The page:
Letterform: The design of individual letters and their parts, including the relationships among strokes, counters, and serifs.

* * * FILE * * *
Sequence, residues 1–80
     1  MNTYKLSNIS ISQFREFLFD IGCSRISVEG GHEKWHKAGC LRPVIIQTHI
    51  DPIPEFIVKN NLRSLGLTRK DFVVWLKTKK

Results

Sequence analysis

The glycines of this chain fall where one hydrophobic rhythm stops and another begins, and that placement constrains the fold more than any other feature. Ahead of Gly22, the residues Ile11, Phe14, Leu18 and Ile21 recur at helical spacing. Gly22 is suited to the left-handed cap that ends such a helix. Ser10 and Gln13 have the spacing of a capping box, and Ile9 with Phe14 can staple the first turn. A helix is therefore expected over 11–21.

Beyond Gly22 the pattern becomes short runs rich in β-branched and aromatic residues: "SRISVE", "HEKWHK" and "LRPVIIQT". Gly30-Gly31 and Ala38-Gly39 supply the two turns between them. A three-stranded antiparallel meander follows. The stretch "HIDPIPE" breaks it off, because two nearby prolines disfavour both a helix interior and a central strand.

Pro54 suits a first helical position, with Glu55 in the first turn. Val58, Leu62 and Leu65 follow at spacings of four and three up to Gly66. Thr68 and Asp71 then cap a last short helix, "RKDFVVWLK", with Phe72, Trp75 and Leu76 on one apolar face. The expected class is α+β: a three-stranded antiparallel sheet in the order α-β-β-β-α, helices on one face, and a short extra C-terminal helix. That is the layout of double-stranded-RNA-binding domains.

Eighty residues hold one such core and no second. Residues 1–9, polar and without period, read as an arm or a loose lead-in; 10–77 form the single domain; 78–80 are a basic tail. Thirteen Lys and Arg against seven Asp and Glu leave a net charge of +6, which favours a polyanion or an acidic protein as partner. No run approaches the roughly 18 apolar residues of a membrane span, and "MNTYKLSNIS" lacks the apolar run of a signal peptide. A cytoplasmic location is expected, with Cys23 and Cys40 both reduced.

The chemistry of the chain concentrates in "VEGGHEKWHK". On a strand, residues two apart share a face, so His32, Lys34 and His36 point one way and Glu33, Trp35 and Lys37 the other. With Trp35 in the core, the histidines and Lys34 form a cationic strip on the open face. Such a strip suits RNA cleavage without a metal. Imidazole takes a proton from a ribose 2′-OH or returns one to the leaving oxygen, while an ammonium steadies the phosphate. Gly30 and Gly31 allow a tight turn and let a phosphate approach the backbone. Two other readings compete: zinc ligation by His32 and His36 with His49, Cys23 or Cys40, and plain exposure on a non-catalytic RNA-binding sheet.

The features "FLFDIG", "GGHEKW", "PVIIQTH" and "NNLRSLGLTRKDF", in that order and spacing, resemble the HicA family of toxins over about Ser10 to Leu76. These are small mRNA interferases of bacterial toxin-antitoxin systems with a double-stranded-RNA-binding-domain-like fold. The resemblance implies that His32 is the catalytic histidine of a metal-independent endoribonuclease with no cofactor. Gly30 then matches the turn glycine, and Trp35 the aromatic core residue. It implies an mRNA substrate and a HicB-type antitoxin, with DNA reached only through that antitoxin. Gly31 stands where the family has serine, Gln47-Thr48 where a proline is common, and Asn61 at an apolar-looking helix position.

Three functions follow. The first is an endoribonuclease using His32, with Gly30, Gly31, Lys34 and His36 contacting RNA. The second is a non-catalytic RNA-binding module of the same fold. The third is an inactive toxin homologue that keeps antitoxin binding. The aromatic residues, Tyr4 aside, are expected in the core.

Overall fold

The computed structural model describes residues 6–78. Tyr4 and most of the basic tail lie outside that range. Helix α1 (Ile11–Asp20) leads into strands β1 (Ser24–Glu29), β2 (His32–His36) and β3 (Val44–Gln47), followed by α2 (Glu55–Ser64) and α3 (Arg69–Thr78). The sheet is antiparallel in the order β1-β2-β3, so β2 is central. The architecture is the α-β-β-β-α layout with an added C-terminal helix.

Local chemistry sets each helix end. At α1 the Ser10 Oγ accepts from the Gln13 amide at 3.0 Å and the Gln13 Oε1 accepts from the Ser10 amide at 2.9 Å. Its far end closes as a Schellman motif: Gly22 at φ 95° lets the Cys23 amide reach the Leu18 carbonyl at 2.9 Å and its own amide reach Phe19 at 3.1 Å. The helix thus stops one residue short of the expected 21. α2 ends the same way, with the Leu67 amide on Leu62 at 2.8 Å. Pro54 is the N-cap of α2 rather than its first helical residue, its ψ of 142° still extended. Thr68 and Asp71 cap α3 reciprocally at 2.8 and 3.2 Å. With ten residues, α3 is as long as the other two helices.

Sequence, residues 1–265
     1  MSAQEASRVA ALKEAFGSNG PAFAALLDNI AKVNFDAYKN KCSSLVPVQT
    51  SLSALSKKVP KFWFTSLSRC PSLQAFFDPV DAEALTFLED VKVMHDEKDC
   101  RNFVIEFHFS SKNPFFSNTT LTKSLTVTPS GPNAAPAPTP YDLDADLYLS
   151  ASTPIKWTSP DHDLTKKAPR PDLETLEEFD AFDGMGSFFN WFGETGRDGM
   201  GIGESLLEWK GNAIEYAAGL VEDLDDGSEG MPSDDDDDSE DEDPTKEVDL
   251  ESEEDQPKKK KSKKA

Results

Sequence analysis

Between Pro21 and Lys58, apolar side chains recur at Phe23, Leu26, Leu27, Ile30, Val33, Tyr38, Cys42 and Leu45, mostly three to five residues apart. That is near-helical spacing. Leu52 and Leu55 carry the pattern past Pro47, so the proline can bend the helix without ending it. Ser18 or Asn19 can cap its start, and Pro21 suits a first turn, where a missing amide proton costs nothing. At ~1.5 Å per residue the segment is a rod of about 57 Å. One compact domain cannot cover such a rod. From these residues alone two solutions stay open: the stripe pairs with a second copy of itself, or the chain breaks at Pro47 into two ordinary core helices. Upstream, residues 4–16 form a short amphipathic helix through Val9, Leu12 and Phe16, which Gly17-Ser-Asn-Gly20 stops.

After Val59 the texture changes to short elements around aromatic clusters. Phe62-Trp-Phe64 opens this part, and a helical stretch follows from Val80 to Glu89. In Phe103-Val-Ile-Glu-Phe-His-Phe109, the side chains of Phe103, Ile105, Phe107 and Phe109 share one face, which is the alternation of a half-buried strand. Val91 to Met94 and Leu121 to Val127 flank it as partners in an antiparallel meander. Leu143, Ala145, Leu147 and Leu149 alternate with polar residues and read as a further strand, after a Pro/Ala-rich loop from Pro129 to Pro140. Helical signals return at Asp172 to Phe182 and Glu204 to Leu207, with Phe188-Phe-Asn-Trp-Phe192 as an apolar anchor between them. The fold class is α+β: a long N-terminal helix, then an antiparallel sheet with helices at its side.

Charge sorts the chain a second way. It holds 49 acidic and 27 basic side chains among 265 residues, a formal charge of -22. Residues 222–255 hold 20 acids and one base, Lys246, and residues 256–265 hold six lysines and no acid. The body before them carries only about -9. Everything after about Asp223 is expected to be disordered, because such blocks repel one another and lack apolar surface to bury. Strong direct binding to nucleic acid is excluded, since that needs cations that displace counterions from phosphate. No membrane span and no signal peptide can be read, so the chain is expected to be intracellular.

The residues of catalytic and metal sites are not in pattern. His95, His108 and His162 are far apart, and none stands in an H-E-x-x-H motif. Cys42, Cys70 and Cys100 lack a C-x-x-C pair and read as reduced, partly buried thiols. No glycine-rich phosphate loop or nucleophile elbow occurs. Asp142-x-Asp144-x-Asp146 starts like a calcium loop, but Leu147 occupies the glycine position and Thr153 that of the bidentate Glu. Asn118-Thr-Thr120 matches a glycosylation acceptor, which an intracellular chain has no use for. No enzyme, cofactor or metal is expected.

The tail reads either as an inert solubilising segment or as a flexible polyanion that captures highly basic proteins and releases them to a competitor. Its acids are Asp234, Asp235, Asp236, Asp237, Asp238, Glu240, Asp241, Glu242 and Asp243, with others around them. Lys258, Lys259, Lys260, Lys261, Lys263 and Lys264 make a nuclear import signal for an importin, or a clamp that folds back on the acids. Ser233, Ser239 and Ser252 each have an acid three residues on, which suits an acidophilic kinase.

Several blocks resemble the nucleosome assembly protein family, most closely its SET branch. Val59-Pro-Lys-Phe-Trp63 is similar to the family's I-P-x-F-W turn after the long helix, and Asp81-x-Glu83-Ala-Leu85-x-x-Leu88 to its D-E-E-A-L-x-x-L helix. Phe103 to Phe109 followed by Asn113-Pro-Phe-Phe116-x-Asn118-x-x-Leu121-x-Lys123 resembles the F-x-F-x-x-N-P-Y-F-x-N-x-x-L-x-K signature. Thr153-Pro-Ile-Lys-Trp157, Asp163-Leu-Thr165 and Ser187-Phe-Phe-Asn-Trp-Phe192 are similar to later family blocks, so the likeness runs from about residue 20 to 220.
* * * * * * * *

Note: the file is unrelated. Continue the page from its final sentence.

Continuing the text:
This is a series of meditations on letterform and space. Each begins with a surface from the build environment and re-interprets it with the addition of letters and words. The surfaces chosen are commonplace and incorporate repetitive patterns. Letterforms are typically expressed in flat, smooth conditions and composed of patterned strokes and counter-spaces. Here, letterform is blended with the repetitive patterns of the built environment; introducing written language in a non-normative manner and location. A point of interest for these studies was this mixing of patterns, both two and three dimensional, from different design traditions (building design, landscape design, and graphic design). Like their substrates, letter/word forms are understated and dissolve into different states of legibility. Here I’m exploring legibility through the three-dimensional logic of a surface rather than a flattened glyph. By creating letterform relative to patterns in the built environment, these studies contemplate the contribution of three dimensional patterns to letter and word recognition. They ask of the nature of this contribution and question the presumption that patterns expressed in two dimensions are more suitable to questions of legibility.